In recent years, Brown has issued pardons to individuals at risk of deportation under stricter immigration enforcement by the Trump administration. Monday’s pardons included four people whose convictions could lead to deportation, including Houth Chhang Taing, who has been a legal U.S. resident since he arrived as a refugee from Cambodia at the age of 5. Taing was convicted in 1996 on a number of charges after he and two others held up a charter bus. Taing served 19 years in prison and is on active parole. Since his release from prison, he has volunteered with groups that aim to reduce recidivism by assisting people leaving prison.
Two other pardons were issued earlier this month to individuals who were facing immediate deportation.
Also receiving a pardon was Bill Honig, the former state schools chief who was known as an ambitious crusader for education reforms. Honig was convicted in 1993 of conflict of interest with a government contract, after a nonprofit group led by his wife received more than $300,000 in government contracts. The conviction forced Honig to step down, but he remained active in education organizations after serving one year in jail and nearly four years of probation.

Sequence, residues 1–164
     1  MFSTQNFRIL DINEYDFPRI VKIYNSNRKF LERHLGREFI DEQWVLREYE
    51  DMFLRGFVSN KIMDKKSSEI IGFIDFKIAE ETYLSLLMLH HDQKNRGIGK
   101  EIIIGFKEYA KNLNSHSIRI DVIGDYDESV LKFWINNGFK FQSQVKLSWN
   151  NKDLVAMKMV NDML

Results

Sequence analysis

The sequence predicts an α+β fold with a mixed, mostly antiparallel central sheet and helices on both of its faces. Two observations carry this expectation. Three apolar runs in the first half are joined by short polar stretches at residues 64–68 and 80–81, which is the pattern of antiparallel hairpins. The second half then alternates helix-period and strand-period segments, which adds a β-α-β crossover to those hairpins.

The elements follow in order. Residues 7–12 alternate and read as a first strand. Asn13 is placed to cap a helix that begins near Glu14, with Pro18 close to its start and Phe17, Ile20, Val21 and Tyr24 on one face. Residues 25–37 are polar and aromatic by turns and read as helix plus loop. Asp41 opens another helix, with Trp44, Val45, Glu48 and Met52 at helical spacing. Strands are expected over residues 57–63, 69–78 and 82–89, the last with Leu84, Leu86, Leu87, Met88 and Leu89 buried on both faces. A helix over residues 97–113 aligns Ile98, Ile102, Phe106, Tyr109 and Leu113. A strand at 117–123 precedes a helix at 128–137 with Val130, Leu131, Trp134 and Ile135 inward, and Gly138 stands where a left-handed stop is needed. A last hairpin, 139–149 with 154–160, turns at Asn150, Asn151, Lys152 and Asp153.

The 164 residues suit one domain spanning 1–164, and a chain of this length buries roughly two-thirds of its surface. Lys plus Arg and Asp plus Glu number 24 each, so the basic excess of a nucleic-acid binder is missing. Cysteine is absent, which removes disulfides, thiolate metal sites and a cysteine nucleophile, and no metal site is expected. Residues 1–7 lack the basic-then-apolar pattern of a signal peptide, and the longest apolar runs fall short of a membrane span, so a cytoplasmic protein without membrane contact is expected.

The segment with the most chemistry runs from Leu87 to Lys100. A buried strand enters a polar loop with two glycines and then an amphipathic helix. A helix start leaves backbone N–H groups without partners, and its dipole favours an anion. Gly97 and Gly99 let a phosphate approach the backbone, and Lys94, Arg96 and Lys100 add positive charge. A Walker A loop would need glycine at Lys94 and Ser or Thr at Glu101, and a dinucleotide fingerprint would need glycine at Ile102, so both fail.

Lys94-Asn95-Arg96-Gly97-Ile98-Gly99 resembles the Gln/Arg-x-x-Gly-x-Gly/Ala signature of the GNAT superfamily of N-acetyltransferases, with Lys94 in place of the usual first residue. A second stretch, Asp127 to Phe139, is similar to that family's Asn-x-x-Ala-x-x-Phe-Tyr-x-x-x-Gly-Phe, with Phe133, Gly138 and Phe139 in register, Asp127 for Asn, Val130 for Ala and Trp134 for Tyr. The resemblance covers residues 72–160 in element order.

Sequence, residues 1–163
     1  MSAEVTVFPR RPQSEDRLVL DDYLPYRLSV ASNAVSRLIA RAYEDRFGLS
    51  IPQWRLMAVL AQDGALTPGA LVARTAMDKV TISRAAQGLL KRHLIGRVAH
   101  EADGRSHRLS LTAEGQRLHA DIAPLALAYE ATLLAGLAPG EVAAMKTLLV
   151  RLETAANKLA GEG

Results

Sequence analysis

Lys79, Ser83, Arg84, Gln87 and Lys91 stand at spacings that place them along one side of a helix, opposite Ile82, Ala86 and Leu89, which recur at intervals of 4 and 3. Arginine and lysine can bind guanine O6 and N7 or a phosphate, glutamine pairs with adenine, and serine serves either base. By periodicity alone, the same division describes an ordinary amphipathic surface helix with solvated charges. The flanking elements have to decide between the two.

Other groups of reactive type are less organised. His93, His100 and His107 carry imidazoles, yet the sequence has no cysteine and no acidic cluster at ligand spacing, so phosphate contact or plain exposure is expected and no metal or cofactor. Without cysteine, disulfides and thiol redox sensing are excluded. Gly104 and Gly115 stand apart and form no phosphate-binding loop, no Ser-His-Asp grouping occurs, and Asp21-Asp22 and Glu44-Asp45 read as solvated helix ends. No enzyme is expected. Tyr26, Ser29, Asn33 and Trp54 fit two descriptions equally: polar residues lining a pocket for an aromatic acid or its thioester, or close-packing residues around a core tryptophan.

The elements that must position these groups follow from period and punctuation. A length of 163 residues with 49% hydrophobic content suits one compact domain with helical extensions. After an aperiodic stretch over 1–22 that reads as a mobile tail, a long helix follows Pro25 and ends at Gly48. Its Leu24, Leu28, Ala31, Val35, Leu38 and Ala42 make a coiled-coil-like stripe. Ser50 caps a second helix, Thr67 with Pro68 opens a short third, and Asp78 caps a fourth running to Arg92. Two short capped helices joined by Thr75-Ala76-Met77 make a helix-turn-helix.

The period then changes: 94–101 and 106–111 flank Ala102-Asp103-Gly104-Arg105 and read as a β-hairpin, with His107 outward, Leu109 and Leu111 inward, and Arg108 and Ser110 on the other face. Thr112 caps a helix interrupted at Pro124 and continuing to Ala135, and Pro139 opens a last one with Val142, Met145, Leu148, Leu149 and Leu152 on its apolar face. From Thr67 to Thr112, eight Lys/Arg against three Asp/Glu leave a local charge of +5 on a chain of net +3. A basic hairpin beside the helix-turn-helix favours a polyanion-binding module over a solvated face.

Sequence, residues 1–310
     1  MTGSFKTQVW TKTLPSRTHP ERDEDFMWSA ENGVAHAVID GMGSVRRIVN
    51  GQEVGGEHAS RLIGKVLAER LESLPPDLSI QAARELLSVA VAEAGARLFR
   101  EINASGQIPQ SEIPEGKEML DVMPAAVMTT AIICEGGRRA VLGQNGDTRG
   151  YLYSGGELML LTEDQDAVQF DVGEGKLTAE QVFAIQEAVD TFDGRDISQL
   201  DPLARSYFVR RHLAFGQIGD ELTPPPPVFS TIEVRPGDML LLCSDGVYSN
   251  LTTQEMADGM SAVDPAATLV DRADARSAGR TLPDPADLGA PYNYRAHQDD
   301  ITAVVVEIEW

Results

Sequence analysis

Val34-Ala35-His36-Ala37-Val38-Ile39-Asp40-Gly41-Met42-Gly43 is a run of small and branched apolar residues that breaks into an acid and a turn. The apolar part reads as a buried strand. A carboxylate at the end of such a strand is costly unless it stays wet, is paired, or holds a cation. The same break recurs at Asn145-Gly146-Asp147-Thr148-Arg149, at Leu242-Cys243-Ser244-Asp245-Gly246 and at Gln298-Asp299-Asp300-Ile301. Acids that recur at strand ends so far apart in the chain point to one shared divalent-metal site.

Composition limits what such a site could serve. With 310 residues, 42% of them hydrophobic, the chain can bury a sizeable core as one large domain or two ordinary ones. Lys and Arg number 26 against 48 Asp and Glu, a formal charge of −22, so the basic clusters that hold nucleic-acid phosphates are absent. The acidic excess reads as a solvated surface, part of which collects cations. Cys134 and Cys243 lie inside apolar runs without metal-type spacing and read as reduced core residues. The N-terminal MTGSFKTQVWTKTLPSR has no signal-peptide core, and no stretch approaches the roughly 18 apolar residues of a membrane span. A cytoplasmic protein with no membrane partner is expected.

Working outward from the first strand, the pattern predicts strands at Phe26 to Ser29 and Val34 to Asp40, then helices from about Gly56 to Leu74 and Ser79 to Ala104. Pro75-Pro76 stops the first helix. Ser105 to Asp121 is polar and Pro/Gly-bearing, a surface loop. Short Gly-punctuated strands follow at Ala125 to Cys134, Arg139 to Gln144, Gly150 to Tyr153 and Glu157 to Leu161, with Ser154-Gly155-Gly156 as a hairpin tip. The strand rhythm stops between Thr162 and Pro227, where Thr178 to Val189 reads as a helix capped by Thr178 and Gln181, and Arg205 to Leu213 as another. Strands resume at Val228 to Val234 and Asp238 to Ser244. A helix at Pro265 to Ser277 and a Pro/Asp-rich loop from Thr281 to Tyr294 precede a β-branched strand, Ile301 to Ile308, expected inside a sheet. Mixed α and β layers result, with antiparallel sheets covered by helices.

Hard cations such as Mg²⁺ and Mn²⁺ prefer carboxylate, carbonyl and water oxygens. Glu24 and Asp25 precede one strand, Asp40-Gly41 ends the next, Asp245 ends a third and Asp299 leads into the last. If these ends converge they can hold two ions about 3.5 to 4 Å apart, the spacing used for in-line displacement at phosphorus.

The California Supreme Court on Monday rejected Brown’s attempt to commute the sentence of Kenny Lee, who is serving a life sentence for the 1992 robbery and murder of a cab driver. Lee has been in prison for 19 years, where he earned his GED and participated in various self-help groups.
The state Constitution requires that, in cases where an individual had committed more than one felony, a Supreme Court recommendation is necessary for a pardon or commutation. On Friday, the court declined to recommend three other commutations sought by Brown.
A representative for the governor’s office declined to comment.
Since Brown returned to the governor’s office in 2011, he has issued 1,332 pardons and 282 commutations, far surpassing his recent predecessors as well as outpacing the 405 acts of clemency during his first two terms as governor.
Los Angeles Times staff writers Laura J. Nelson, Maya Lau and Melanie Mason contributed to this report.